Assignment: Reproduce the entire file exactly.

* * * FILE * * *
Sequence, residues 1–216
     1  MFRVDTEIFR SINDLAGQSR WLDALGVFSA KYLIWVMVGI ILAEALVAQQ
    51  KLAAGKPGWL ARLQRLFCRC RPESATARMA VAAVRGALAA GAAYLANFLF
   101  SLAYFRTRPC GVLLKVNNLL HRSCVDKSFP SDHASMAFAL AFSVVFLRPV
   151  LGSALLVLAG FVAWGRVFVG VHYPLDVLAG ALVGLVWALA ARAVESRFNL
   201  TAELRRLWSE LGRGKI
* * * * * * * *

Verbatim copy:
Sequence, residues 1–216
     1  MFRVDTEIFR SINDLAGQSR WLDALGVFSA KYLIWVMVGI ILAEALVAQQ
    51  KLAAGKPGWL ARLQRLFCRC RPESATARMA VAAVRGALAA GAAYLANFLF
   101  SLAYFRTRPC GVLLKVNNLL HRSCVDKSFP SDHASMAFAL AFSVVFLRPV
   151  LGSALLVLAG FVAWGRVFVG VHYPLDVLAG ALVGLVWALA ARAVESRFNL
   201  TAELRRLWSE LGRGKI